Changes in material, both obvious and subtle, delineate zones in KAAN Architecten’s new court building in The Hague
On the vast end wall of the lobby of The Netherlands’ new Supreme Court in The Hague is a painting, Hoge Raad, by Dutch artist Helen Verhoeven. At 4m by 6.5m, it’s a monumental and sobering piece. It shows dozens of citizens milling in front of a panel of judges, with hundreds more in the square outside. Gruesome images on the walls behind the judges depict the consequences when the legal system fails.
The work alludes to a Latin quotation reproduced in huge letters behind the 6m high sheer glass walls of the court’s 104m main facade: translated it reads ‘Where justice falls short, armed struggle begins’, the words of 16th century Dutch jurist Hugo de Groot. Ranged in front of the quotation, beyond the glass, are bronzes of six Dutch scholars of jurisprudence, previously scattered about the city, brought together to guard the court’s public entrance.
Dutch firm KAAN Architecten’s €59 million building, which opened last month, brings together in a very public way administrative functions formerly dispersed around the centre. Facing on to the main street of Korte Voorhout, in sombre grey Bateig limestone and glass, the Supreme Court’s materiality is intended to make evident to the city and Dutch society the civic role of law.
KAAN Architecten’s partner Vincent Panhuysen says the functions of the building are explicit from this elevation – opening to the public realm at ground, the second, solid floor of support staff, and four other glazed levels of judicial offices, isolated from the main courtrooms at ground level, ushered above street level to allow quiet debate of the finer points of law.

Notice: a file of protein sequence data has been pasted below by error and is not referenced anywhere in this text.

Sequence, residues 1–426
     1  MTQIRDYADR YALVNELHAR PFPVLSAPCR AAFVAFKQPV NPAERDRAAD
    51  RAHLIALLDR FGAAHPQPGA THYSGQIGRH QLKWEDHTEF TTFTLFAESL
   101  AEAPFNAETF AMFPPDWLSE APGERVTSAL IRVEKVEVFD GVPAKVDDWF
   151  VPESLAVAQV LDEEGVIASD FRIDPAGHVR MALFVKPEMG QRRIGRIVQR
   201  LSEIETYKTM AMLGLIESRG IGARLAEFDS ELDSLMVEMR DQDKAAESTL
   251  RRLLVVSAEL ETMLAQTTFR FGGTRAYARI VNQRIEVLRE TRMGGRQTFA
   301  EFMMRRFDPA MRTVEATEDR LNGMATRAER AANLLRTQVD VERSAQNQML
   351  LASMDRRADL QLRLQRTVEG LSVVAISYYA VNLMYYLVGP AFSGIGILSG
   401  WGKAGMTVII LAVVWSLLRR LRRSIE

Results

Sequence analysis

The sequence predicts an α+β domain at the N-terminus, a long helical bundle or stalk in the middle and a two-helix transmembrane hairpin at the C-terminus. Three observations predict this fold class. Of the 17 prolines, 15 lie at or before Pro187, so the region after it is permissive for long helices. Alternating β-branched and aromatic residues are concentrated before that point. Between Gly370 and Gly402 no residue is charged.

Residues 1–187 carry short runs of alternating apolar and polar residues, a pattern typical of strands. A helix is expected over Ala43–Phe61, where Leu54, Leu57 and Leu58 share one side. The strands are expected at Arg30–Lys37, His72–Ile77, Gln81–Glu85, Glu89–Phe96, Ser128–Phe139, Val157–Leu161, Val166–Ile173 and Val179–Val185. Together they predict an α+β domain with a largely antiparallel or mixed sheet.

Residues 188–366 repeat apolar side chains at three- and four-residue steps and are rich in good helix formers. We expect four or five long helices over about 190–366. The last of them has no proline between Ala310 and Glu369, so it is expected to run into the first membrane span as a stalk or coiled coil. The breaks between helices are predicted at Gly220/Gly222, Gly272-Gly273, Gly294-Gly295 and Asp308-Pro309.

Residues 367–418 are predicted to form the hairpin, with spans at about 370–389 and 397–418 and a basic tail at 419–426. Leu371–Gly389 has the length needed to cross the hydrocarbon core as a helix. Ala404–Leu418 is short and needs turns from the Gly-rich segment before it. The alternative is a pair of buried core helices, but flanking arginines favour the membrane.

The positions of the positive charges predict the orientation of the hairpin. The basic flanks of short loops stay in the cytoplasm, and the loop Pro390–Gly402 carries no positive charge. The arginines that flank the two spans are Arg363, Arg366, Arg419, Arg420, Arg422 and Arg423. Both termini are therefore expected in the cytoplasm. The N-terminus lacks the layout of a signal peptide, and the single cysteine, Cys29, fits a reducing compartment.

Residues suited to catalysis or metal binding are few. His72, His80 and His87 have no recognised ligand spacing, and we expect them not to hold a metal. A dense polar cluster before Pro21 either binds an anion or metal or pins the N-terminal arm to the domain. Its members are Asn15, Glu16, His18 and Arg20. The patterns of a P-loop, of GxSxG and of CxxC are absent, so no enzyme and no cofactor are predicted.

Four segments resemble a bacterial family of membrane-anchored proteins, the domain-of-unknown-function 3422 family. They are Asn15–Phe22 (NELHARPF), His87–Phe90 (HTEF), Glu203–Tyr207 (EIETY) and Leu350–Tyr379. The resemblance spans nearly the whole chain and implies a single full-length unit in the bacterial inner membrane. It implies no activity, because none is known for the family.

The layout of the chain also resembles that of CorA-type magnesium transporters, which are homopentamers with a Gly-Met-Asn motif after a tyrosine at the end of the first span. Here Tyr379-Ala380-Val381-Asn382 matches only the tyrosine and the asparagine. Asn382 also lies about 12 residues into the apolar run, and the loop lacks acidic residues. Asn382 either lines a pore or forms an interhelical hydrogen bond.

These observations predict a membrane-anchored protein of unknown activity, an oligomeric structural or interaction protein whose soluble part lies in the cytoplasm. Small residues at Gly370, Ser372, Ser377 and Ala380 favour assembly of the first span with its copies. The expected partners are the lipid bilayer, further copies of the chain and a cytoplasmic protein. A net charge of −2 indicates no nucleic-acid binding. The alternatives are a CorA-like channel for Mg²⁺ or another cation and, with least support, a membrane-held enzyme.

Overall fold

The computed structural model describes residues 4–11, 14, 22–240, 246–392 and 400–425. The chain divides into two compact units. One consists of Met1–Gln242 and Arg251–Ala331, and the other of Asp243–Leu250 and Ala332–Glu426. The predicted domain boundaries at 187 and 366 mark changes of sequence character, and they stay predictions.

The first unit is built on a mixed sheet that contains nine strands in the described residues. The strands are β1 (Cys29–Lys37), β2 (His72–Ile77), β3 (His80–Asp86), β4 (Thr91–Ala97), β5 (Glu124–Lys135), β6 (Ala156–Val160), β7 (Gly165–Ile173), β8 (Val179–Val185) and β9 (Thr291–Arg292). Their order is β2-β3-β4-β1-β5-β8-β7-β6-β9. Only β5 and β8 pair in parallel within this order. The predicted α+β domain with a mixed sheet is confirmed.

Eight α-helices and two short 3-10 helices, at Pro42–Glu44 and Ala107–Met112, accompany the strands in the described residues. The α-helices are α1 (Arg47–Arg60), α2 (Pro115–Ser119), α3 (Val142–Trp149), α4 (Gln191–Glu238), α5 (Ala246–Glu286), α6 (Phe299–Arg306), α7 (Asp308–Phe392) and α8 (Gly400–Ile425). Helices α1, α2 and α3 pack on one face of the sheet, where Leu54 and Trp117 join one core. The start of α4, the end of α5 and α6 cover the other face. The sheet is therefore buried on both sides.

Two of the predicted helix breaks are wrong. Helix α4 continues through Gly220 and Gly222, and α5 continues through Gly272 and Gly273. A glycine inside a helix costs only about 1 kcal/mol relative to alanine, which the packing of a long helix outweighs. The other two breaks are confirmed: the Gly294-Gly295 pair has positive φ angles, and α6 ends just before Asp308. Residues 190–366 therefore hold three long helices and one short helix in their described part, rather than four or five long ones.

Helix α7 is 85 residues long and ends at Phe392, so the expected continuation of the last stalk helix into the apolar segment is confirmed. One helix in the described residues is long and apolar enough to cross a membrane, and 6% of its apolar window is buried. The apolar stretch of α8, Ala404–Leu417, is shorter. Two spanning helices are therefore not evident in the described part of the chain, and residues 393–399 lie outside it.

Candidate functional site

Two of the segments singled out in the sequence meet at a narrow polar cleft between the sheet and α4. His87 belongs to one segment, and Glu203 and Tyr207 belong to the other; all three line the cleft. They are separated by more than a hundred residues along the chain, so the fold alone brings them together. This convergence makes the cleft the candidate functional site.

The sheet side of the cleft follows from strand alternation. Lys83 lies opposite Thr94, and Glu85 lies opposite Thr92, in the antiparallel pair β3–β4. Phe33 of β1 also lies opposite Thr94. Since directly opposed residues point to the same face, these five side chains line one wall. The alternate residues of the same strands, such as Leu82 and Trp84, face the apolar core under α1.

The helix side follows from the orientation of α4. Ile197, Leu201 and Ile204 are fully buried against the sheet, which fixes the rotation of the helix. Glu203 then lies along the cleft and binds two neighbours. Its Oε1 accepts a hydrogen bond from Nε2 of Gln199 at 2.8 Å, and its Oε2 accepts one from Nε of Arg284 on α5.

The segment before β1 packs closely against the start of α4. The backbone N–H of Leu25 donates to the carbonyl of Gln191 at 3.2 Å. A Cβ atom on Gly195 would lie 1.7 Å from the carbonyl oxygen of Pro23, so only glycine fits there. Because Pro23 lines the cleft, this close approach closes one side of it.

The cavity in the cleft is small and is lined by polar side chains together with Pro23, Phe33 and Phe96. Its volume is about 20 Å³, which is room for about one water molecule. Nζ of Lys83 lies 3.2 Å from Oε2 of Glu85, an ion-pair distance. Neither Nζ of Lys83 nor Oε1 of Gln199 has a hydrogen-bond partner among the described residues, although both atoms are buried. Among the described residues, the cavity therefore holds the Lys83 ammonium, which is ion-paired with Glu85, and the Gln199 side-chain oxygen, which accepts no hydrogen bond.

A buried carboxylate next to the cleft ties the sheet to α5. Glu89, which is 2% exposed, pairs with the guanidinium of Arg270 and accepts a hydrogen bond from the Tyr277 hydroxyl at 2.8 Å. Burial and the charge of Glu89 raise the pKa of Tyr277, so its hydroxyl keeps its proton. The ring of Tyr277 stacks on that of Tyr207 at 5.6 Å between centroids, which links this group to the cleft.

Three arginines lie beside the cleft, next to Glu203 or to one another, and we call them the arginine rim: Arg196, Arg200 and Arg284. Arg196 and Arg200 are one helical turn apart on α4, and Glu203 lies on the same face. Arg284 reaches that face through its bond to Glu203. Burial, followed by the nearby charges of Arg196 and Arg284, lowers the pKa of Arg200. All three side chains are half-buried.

Those functions are further distinguished internally, with a complex circulation that belies the raw simplicity of the exterior. Beyond the direct public access to courtrooms, circulation is about seeing that those due to testify and those who are accused do not cross paths.
The same thing happens on a more nuanced level for the judges and the Procurator General staff who formulate and bring cases forward for consideration – a form of Chinese wall to discourage any osmosis of influence. Part of the programmatic solution of the building was in making this complexity of routing seem completely natural.
Panhuysen says they wanted the communication of information to run through the building like a seam; like veins through marble in fact. Here, the domains of the Council of Judges and the Procurator General staff are literally defined by the materials used. In the Council atrium the surrounding floors feature the fine vertical black and grey lines of Marmara Equator marble, producing a dramatic, homogenous space laden with formal gravitas. Procurators, meanwhile, enjoy the more Rorschach-like effects of mottled Skyline marble, its panels given a softer, suggestively uncompleted, bevelled edge.
Even the privacy screens on the glass doors to the different offices are defined by their patterns, Panhuysen explains. ‘These are clearly expressed as a print of either vertical or horizontal lines,’ he says. ‘As judges are sitting magistrates, they are denoted with horizontal lines; the Procurator General staff, meantime, are always standing in front of them – and so we use vertical.’
In the courtrooms themselves, behind the seats of the judges, the choice was for backlit alabaster; a wry comment perhaps on the hoped-for justice shining through the relative opacity of a modern-day legal process.